Clinicians looking for Ebola among sick travelers coming from West African countries may miss more common deadly illnesses, especially malaria, which requires quick diagnosis and appropriate treatment.
“The differential diagnosis of illness in travelers arriving from countries with widespread Ebola virus transmission must include not only [Ebola] but also malaria and other more common infections, such as influenza, other respiratory tract infections, and travelers’ diarrhea,” researchers write in a new study led by David Hamer, professor of global health at Boston University.
“The optimal strategy is preventing infections through comprehensive pre-travel interventions and, for ill travelers, promptly diagnosing and treating illnesses, such as malaria, and initiating empirical treatment if bacteremia, influenza, or meningitis is suspected.”
Patients with Ebola virus typically present with fever, fatigue, myalgia, headache, and gastrointestinal symptoms. These nonspecific symptoms are shared by many other frequently encountered infectious diseases, researchers say.
For the study, published in the Annals of Internal Medicine, researchers reviewed records from 57 travel clinics in 25 countries in the GeoSentinal Network—a clinic-based global surveillance network that tracks infectious diseases and other adverse health outcomes in travelers—to define the spectrum of illness seen in ill travelers returning from Sierra Leone, Liberia, or Guinea, countries where Ebola virus transmission has been widespread.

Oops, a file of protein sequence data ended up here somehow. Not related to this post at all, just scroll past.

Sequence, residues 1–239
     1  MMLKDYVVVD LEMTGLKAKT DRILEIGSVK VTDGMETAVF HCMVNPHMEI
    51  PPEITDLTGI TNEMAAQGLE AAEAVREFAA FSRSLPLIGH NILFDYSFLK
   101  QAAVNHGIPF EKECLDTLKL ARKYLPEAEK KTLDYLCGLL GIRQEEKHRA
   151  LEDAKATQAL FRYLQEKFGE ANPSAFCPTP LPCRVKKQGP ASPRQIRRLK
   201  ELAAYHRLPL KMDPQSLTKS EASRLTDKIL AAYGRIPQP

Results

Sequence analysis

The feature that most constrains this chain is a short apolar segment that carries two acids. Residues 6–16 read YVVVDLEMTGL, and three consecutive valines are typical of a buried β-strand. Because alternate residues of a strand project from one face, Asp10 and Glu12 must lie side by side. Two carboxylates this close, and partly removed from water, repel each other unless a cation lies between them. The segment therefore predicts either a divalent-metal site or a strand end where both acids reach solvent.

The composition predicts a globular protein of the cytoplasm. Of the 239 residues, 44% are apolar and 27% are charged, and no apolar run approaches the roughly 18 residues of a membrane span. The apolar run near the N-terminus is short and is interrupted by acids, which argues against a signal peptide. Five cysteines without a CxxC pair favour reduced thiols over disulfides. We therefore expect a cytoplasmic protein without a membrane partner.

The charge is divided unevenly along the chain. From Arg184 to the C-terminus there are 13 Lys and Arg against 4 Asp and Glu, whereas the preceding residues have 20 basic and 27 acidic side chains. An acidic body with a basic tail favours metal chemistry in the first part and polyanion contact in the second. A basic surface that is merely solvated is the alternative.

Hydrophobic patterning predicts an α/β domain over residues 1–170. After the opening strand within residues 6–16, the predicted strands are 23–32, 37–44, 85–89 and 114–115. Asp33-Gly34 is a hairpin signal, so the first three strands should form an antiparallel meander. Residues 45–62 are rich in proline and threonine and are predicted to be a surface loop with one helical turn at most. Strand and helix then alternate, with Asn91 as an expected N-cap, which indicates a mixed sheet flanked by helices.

Malaria was the most frequent diagnosis among nonimmigrant travelers, affecting about 40 percent of patients. Among immigrants from the same area, latent tuberculosis was one of the most frequently diagnosed illnesses.
Researchers suggest that clinicians should use these data to develop a differential diagnosis and care plan for travelers who arrive from the region with a fever.
“Where adequate laboratory capacity exists, ruling out malaria in travelers from West Africa is critical to limiting morbidity and mortality,” they say in the study.
“In situations where laboratory infrastructure is inadequate or a diagnostic result will be delayed, administration of empirical antimalarial therapy and broad-spectrum antibiotic coverage for bacteremia is imperative and potentially life-saving.”
Source: Boston University